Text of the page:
For years, many have debated whether same-sex or co-ed schools are better learning environments for children. Unfortunately, there is no conclusive research that identifies that one has a real advantage over another. Yet, there are some important benefits to a co-ed elementary school worth highlighting.
Co-ed elementary schools like The Woods promote positive self-esteem. Academics and learning are enriched when both genders participate in the learning process together. Students are exposed to each other’s thinking and experiences in the classroom. Diversity of thinking and experience can encourage growth and self-discovery.
Co-ed elementary schools also encourage the development of social skills and better preparation for a diverse world. Children will be adults in a world where both genders are present. So, it is healthy for them to grow up in the same environment. Co-ed schools provide boys and girls the opportunity to learn how to work together productively long before they enter the workforce. This is good preparation for what will be expected of them later in life.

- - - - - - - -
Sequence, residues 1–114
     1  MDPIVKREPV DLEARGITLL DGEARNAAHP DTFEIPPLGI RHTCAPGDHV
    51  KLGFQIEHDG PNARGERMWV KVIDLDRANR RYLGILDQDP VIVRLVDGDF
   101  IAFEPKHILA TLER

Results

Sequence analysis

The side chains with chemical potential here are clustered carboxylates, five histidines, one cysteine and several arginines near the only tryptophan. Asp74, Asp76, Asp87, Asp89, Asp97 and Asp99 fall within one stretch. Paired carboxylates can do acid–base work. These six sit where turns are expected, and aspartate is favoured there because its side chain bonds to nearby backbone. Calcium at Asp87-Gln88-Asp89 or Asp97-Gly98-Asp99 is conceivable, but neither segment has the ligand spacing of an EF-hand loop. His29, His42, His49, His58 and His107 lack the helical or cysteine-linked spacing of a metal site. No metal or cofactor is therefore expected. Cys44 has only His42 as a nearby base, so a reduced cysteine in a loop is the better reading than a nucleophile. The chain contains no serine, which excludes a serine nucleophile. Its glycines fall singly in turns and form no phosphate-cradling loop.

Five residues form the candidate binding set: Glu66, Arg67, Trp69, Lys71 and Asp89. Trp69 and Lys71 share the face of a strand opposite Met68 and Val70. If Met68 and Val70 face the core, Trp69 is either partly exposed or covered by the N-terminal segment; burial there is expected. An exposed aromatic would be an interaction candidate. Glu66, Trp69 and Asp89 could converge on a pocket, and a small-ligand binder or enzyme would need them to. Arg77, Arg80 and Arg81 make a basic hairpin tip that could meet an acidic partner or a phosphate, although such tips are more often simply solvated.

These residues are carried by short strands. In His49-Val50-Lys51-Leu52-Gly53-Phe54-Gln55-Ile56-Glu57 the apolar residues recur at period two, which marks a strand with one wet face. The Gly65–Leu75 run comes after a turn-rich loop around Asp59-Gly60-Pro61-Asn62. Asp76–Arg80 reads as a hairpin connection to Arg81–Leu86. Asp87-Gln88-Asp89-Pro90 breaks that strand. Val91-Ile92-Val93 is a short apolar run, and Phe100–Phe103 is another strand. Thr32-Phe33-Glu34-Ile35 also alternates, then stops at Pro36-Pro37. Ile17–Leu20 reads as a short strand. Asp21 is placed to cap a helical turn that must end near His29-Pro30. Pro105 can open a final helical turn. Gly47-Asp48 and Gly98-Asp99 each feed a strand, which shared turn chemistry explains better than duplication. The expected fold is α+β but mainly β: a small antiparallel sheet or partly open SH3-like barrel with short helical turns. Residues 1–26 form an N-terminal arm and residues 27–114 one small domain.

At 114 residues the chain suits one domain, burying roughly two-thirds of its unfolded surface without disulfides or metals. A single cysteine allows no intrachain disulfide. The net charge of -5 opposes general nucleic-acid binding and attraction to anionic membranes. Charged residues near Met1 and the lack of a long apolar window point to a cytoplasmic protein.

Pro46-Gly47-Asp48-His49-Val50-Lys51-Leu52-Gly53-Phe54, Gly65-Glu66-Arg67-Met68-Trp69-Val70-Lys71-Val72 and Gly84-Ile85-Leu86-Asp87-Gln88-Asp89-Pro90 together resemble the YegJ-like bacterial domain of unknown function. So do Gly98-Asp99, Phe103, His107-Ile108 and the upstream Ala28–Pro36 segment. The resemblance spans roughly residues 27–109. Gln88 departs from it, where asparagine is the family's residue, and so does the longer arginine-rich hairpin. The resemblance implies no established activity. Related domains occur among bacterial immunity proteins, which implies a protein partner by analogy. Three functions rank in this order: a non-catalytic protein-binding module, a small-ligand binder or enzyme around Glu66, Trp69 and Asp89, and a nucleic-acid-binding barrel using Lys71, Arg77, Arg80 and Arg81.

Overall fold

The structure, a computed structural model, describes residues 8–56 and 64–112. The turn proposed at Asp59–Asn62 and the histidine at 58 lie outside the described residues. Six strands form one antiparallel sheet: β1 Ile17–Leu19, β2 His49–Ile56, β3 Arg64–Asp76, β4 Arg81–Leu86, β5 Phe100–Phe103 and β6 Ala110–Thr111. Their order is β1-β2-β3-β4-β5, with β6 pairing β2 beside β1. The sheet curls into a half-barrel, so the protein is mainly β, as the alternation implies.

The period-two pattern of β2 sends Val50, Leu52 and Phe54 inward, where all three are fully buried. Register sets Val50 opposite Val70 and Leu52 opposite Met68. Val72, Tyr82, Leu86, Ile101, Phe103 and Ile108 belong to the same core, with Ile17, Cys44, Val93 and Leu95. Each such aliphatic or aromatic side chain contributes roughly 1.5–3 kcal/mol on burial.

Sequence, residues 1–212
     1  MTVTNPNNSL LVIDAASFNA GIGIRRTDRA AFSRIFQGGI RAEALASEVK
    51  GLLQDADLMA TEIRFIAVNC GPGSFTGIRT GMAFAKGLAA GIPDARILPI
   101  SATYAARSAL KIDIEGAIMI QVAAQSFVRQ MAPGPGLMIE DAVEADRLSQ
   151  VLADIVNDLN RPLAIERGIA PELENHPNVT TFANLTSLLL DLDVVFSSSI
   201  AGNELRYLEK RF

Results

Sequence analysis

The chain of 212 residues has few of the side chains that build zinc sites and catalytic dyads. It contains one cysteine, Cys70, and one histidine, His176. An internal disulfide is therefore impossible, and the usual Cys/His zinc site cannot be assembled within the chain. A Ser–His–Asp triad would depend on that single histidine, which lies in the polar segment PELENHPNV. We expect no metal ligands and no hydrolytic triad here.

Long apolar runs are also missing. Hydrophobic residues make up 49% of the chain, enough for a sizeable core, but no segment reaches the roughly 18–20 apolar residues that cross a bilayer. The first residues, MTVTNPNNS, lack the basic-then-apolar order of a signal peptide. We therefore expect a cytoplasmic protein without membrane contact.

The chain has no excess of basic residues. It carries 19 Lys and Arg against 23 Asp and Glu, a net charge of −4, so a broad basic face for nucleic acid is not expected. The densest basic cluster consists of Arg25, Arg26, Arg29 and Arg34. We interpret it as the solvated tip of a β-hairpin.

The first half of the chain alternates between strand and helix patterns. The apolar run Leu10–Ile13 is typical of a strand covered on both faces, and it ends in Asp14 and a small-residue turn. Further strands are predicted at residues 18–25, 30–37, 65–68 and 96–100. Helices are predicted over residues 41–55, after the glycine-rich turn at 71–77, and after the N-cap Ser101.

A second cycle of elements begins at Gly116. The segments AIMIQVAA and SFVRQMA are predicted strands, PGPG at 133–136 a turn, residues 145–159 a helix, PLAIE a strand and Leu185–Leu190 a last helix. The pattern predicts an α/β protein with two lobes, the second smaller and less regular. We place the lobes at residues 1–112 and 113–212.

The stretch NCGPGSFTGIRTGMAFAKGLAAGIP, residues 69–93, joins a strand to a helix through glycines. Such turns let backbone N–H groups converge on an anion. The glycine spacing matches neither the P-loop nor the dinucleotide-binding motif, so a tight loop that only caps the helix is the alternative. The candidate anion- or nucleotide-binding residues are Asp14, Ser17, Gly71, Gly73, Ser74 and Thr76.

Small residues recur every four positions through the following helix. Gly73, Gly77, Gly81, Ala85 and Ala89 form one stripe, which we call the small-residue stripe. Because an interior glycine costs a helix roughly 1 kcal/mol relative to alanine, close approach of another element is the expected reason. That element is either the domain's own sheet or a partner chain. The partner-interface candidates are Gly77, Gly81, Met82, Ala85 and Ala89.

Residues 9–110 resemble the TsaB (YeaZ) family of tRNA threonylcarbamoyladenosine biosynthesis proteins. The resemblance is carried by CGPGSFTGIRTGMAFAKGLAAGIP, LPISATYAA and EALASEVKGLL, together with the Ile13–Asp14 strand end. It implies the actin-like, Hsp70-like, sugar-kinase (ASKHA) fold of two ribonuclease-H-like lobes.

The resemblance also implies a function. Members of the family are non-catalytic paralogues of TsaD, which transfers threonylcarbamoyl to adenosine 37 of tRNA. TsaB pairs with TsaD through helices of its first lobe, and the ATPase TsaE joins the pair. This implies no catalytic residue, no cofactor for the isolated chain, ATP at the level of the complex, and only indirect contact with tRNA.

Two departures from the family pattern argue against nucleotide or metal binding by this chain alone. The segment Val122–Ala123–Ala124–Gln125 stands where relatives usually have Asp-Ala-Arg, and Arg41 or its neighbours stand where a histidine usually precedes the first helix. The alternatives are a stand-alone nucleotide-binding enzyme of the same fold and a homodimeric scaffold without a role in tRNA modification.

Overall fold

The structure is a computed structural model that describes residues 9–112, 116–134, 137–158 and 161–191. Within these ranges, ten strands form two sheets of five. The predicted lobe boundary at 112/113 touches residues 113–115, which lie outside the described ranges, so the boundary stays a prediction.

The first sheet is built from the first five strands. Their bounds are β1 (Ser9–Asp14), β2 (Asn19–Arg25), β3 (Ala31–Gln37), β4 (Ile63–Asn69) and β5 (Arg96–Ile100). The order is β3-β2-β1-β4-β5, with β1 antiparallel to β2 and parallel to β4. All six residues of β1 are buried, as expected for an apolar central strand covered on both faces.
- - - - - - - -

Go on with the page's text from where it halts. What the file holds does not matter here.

Co-ed environments can teach students to have respect for the opposite sex and even break down gender stereotypes. Many same-sex schools emphasize teaching the way “boys learn” or the way “girls learn.” Gender does not predetermine how a child will learn or what a child will find interesting. Teachers in co-ed elementary schools like The Woods focus on the individual child, nurturing each one’s unique learning style rather than teaching in a prescribed method based on gender traits.
Our alumni are proof that a co-ed elementary school provides the learning environment necessary to prepare an individual to lead a life of significance regardless of one’s gender.
- This year, 100% of our graduating class was accepted to their top choice high school.
- Two-thirds of Woods graduates take honors and/or AP courses throughout their high school experience.
- 70% of Woods graduates participate in high school athletics.
- 86% of Woods graduates receive at least one award or formal recognition for their achievement in high school.
- 5% of Woods graduates attend an Ivy League University, compared to a nationwide average of less than 0.5%.
The Woods has provided each student the tools that they need to succeed not based on their gender, but based on their individuality.